LYNCHBURG, Va – The Rev. Jerry Falwell, hospitalized in serious condition, said he is on the mend after a health crisis in which he stopped breathing and had to be resuscitated earlier this week.
Falwell had recovered enough by Thursday that he was able to sit in an armchair, take a call from the White House and visit with his grandchildren, officials said.
"I'm making progress," the 71-year-old Moral Majority (search) founder said in an interview with The News & Advance of Lynchburg. "I'll be in here for a few days."
Despite his optimism, Falwell's son, Jerry Falwell Jr., said a return to the Thomas Road Baptist Church (search) pulpit this week appeared unlikely.
"I just don't think it's going to happen," he told the newspaper.
Falwell had preached Easter Sunday, a day before he was checked into the hospital for the second time this year.
Falwell stopped breathing late Monday and had to be resuscitated when he arrived at the hospital, but he was able to sit in an armchair and visit with family Thursday, the hospital said in a statement.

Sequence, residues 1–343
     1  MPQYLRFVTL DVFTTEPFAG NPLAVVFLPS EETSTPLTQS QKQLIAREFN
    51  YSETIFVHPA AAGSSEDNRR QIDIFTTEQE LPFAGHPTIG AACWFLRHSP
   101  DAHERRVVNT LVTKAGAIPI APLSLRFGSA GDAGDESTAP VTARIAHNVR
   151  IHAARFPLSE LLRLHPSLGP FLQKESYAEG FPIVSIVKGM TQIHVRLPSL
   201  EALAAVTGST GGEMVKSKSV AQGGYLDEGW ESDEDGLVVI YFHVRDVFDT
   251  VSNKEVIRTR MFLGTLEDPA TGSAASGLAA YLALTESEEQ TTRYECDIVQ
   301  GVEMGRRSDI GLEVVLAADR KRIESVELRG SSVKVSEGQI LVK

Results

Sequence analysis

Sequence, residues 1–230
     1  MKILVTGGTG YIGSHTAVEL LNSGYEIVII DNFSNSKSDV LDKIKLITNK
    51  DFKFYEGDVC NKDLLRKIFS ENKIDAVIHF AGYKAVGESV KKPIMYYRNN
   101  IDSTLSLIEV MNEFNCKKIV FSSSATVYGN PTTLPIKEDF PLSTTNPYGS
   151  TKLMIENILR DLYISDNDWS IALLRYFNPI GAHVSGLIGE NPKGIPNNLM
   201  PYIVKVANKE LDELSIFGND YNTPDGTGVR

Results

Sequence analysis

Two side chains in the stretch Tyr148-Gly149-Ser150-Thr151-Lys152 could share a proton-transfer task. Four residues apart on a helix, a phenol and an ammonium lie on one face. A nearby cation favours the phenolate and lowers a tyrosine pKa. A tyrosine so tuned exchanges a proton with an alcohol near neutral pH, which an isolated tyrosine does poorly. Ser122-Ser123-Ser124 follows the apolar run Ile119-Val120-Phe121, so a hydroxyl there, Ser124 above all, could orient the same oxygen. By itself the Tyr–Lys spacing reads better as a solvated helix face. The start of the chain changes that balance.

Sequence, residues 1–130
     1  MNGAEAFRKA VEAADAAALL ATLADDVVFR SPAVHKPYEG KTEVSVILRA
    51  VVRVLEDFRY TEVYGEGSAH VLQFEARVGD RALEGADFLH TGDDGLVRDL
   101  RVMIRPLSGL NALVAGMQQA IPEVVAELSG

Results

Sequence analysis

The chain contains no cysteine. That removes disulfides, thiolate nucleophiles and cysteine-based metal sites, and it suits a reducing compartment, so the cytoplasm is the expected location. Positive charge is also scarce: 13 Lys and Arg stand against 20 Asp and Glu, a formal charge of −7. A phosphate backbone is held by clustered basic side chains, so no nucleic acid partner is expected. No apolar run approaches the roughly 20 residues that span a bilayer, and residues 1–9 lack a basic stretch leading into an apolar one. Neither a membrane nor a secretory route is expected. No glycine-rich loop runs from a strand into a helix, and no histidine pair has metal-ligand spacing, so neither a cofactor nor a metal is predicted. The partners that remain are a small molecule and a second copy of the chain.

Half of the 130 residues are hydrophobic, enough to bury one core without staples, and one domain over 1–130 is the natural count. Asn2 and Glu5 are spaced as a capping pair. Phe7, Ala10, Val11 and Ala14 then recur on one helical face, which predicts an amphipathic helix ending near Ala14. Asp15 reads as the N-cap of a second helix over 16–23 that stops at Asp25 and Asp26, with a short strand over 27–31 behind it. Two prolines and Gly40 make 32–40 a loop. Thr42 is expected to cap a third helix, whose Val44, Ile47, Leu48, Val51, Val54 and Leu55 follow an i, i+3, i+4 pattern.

Doctors intended to conduct a round of tests to pinpoint why Falwell had fluid in his lungs.
"Congestive heart failure is normally associated with a weak heart, which Dr. Falwell does not have," said Dr. Carl Moore, the cardiologist treating Falwell.
Preliminary tests showed Falwell also did not suffer a heart attack. Falwell does have a history of high blood pressure and hardening of the arteries. Moore said.
Family members told doctors Falwell had been unconscious from five to seven minutes before he arrived at the hospital emergency room in "respiratory arrest." Moore said there is no evidence of neurological damage.
Falwell founded the Moral Majority in 1979 and became the face of the religious right as his political lobbying organization grew to 6.5 million members and raised millions for conservative politicians.
His last hospital admission ended March 4 after 13 days; he was on a ventilator for four to five days suffering from a viral infection. Doctors said Falwell's current medical emergency is not as severe as the first.
He also was placed on a ventilator in his latest hospital admission, but was removed from it Wednesday.